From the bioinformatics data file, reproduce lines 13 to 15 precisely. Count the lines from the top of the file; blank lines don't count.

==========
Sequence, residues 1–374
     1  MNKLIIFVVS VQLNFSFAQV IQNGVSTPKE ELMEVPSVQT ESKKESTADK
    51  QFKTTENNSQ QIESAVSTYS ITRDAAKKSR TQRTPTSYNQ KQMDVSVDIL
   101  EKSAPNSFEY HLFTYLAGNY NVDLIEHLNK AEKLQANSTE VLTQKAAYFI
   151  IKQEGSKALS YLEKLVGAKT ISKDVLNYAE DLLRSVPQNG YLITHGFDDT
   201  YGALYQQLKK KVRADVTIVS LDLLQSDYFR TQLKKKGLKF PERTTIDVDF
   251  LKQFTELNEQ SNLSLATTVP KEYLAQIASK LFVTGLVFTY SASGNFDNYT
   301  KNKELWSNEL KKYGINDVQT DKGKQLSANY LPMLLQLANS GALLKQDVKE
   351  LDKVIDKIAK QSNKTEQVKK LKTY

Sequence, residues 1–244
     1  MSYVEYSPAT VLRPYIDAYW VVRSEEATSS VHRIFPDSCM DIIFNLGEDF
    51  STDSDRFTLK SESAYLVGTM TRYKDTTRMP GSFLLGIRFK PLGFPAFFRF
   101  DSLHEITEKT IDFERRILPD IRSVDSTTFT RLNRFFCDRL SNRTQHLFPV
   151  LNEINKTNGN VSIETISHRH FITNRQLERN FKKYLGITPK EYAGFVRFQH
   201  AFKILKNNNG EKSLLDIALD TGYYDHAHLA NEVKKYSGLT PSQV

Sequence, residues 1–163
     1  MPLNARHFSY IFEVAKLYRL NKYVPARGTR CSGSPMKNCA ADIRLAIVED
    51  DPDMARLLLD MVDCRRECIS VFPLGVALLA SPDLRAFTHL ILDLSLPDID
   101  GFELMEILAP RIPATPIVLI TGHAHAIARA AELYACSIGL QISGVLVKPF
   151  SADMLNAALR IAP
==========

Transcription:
   101  DSLHEITEKT IDFERRILPD IRSVDSTTFT RLNRFFCDRL SNRTQHLFPV
   151  LNEINKTNGN VSIETISHRH FITNRQLERN FKKYLGITPK EYAGFVRFQH
   201  AFKILKNNNG EKSLLDIALD TGYYDHAHLA NEVKKYSGLT PSQV